As businesses struggle to onboard new employees, a number of companies started offering one-time bonuses in hopes of luring people back to work – an incentive that's proven popular so far, according to two new studies.
The number of job listings that are advertising hiring bonuses has more than doubled compared with last year, findings published by Indeed show. At the same time, job searches for signing bonuses, retention bonuses and cash incentives have surged 134% since January.
"This trend indicates the labor market is recovering and that at least some job seekers believe they are in the driver’s seat," AnnElizabeth Konkel, an economist at Indeed Hiring Lab, said in a blog post. "These workers are holding out for better deals rather than taking the first opportunity that comes along."
The chance of finding an open job that's offering some type of hiring bonus is more likely in some sectors; for instance, about 16% of listings for driving-related jobs offered a bonus in the week ending June 18, while about 13.8% of openings for dental jobs mentioned a hiring bonus. That's compared to 11.3% of open nurse jobs and 11.2% of veterinary positions.
Polling released by the Chamber of Commerce on Tuesday echoes the sentiment that unemployed Americans are seeking some type of financial bonus before returning to work: Nearly 4 in 10 individuals who lost their jobs during the pandemic said a $1,000 hiring bonus would make them more likely to return to work full-time. The percentage was particularly high among younger workers between the ages of 25 and 34 (53%) and those with some college education but not a degree (49%).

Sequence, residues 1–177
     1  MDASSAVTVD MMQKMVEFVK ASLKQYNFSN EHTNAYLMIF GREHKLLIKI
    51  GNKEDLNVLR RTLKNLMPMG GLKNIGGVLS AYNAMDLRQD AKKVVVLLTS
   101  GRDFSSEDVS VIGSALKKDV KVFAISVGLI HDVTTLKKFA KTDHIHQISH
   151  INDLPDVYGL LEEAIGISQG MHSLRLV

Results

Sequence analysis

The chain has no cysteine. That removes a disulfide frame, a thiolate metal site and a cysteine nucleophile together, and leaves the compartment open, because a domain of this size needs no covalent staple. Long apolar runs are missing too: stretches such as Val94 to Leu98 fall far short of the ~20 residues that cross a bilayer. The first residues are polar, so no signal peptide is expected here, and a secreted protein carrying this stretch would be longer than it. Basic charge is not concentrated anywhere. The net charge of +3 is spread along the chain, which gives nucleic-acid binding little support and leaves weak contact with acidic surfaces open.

As the economy reopens, companies have complained about a lack of available workers. Labor Department data from April and May shows anemic job growth well below economists' expectations. There's some evidence that ending unemployment benefits led to an uptick in job searches; early data published by Indeed shows that job search activity rose by 5% the day each state announced its plan to cut off the sweetened aid.
The increase was temporary, disappearing by the eighth day after the announcement, Indeed found. By the second week following the announcement, job search activity in the states had returned to its April levels. Some experts say there are other returns for workers' reticence about returning to the labor force, including a lack of child care and continuing fears of contracting COVID-19.
At least 10 states – Arizona, Colorado, Connecticut, Kentucky, Maine, Michigan, Montana, New Hampshire, Oklahoma and Virginia – are providing workers with up to $2,000 when they accept a new job. In the majority of states (excluding Connecticut, Michigan and Virginia), the initiative is in lieu of the federal unemployment program that provided out-of-work Americans with an extra $300 a week, on top of their regular state benefits.
Chamber of Commerce CEO Neil Bradley urged more states to offer incentive programs such as return-to-work bonuses.
"Too many businesses and communities across the nation continue to suffer amid the growing worker shortage," Bradley said in a statement. "We are calling on every governor to take immediate action to help bring more Americans back into the workforce."
There remain about 7.4 million fewer jobs than there were in February 2020, before the pandemic shut down broad swaths of the nation's economy.